totem: live and let die

It is an art that knew how to live, and equally, and art that knows how to die. The totem poles of the Pacific are vanishing into the earth.

The last totem poles stand on deserted beaches on the edge of cedar forests. Gazing out to the sea, only a few are left now, among the hundreds of wooded islands that dot the Pacific coast from Vancouver Island to Alaska; over a thousand miles of jagged coastline, where snow capped mountains plunge into a sea.

Bruce Kirkby:Haida Gwaii is the homeland of the Haida, the West Coast's most prosperous first nation, a people renowned for their artistry, their seamanship and their ferocity. Wander in the woods and you are likely to stumble upon murmurs of this past: moss-covered canoes, cedar with strips of bark removed, middens (heaps of discarded shells). Most famously, at SGaang Gwaii, near the archipelago's southernmost cape, is a grove of hauntingly beautiful cedar mortuary poles, slowly but steadily decaying. Consumed by the elements, in Haida tradition they are being left to return to the soil of their birth. Read More:

Until the beginning of the twentieth century, many of the Indian villages in this region had veritible forests of totem poles on their landing beaches. In Tuxekan, a visitor in 1916 counted one hundred and twenty-five of them. But Christianity opposed them. Forgive them, for they know not what they do. The missionaries did not know have the foresight to care that they were heraldic crests and images of memory rather than heathen idols. Seeing one of these great sculptures swaying in the wind, the power of their stare, the Christian soldiers attitude was understandable.

The Kwakwaka'wakw house post at Xwatis (Koskimo) on Vancouver Island was carved by Quatsino artist George Nelson in 1906. It is an ancestral figure with a whale on its chest and coppers on its arms. The Koskimo house post was photographed in situ c. 1914 by Edward S. Curtis for his multivolume book "The North American Indian" (1907 - 1930). By 1955, the post was all that remained of the Sea Lion House at Xwatis. Today it and other artifacts from the potlatch celebration including the dance curtain, headdress, talking stick and the masks are in the University of British Columbia's Museum of Anthropology. Read More:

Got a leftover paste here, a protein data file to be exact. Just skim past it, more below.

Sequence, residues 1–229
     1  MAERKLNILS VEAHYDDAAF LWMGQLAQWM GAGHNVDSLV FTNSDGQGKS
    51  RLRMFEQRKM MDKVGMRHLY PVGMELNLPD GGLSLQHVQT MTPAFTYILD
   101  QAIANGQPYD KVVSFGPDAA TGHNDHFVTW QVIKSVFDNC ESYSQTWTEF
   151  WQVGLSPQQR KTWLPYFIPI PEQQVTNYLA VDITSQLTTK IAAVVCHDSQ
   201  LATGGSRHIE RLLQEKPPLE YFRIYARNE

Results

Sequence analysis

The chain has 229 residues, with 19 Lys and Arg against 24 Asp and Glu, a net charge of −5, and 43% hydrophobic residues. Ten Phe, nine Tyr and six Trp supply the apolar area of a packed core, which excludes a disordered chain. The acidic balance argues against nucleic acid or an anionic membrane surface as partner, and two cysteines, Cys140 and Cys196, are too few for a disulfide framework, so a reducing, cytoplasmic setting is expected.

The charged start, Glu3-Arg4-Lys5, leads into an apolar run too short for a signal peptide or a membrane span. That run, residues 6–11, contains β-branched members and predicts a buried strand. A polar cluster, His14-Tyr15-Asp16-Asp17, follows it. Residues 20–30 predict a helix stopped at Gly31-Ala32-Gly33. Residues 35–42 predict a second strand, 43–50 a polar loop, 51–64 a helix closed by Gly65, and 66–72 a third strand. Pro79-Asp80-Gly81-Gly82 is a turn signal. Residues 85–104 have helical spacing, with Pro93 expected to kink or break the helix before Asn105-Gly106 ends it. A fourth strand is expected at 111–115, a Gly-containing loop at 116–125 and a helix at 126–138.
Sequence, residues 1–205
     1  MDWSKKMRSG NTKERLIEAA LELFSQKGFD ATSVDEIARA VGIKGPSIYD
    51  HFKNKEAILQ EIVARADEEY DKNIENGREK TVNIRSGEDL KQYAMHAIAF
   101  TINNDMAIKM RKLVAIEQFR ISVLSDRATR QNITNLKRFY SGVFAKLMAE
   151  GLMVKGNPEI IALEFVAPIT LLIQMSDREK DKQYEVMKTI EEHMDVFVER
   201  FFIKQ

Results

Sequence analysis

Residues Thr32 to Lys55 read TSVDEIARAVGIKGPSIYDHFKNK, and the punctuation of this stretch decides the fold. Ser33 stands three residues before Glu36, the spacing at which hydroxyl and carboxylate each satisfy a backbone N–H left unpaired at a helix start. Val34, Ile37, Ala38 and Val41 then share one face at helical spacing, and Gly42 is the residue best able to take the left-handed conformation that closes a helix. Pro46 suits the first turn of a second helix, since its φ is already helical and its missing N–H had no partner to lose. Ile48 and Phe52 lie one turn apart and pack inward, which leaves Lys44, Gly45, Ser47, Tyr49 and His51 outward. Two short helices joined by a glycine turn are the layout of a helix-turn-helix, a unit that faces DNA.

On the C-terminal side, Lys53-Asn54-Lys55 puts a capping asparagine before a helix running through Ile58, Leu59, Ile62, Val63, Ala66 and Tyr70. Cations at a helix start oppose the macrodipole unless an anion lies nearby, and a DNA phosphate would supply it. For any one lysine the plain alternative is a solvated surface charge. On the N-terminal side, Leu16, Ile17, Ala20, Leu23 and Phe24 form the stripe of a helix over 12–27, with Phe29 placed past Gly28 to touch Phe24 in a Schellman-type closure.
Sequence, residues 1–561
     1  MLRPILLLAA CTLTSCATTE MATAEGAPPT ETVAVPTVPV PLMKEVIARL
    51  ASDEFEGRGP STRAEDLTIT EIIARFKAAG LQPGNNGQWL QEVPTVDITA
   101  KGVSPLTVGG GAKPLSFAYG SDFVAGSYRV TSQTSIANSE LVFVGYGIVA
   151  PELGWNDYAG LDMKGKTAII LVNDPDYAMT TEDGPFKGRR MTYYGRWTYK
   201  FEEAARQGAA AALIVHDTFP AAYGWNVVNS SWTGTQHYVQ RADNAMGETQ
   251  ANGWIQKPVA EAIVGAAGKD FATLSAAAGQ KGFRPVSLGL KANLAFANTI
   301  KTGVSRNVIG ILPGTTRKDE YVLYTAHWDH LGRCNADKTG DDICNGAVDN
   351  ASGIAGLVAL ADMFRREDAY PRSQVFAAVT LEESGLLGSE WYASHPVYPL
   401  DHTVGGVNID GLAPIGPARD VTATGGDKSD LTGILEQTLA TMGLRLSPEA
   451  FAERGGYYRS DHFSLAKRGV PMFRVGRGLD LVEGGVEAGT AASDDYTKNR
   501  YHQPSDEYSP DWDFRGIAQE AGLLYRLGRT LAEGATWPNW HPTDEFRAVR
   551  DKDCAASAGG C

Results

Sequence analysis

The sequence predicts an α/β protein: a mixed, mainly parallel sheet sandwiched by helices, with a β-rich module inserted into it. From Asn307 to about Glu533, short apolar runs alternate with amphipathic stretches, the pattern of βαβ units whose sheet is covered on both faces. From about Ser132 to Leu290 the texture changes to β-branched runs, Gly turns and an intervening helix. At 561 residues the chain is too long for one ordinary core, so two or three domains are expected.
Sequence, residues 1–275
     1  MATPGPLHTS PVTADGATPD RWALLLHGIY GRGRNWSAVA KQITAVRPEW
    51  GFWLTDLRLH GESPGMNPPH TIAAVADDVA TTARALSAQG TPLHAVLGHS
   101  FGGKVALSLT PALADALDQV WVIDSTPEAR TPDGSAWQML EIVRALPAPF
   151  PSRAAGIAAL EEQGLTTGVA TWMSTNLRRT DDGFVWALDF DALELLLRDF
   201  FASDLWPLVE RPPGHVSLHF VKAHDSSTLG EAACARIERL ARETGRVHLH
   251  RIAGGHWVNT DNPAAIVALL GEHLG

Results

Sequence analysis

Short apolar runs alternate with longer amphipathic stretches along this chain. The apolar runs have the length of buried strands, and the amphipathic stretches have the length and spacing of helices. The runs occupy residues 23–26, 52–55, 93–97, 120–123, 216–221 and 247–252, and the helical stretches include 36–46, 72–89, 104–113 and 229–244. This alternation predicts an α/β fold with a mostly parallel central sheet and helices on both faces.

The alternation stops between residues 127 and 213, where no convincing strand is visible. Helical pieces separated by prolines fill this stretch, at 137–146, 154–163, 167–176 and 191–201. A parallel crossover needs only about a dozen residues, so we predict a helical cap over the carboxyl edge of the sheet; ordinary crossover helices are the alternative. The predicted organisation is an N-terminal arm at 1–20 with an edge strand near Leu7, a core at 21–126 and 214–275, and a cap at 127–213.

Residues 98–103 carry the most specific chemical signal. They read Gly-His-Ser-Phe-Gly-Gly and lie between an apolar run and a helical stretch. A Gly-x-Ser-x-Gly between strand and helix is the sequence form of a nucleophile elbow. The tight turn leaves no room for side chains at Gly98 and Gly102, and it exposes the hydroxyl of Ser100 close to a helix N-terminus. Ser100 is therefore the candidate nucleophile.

The missionaries were followed by anthropologists and museums to do more cutting down, though from other motives. Same result. Foraging into the most remote and nearly inaccessible places, such as Anthony Island, the last salvageable poles were put under protective custody. Under house arrest, they are at U.B.C., New York or the British Museum, which has a marble staircase winding around a three story Haida pole from the Queen Charlotte Islands, perhaps the finest in existence.

As a result, the coast as whole has been pretty well stripped clean of its primitive art. Beginnning with Andre Breton, and then Nelson Rockefeller, there was a great northwestern coast art rush in which objects such as a Tlingit dance mask became unobtainable at any price. Whatever was left on the coast after missionizing, theft,and souvenir hunting was sluiced down to the large galleries and auction houses, whether portable or of the ten ton variety.

---The totem pole is located on a a housing estate at Berkhamsted next to the Grand Union Canal (between London & Birmingham). Earlier the property had been the site of a commercial wood yard. To advertise his wood products, the owner commissioned a totem pole by two Kwakiutl artists from Tsaxis (Fort Rupert): the well known carver Henry Hunt (1923 - 1985), who had apprenticed under Mungo Martin, and his son Tony Hunt (b. 1942). They carved the pole on Vancouver Island and sent the finished sculpture to Britain. Reference: John Tearle, The Berkhamsted Totem Pole (1998). From Charles Brooks.--- read more: image:

Ironically, most of this art was originally made for the express purpose of being given away, since the way to acquire status in this part of the world, in the old days, was to amass a hoard of beautiful things and then hand them over to other people at one of their great belching, brawling potlach banquets. This was not quite as selfless as it sounds. The gift giving became compulsive when potlaching replaced tribal warfare as a way of settling disputes and rival chiefs were forced to outshine each other in periodic orgies of largesse.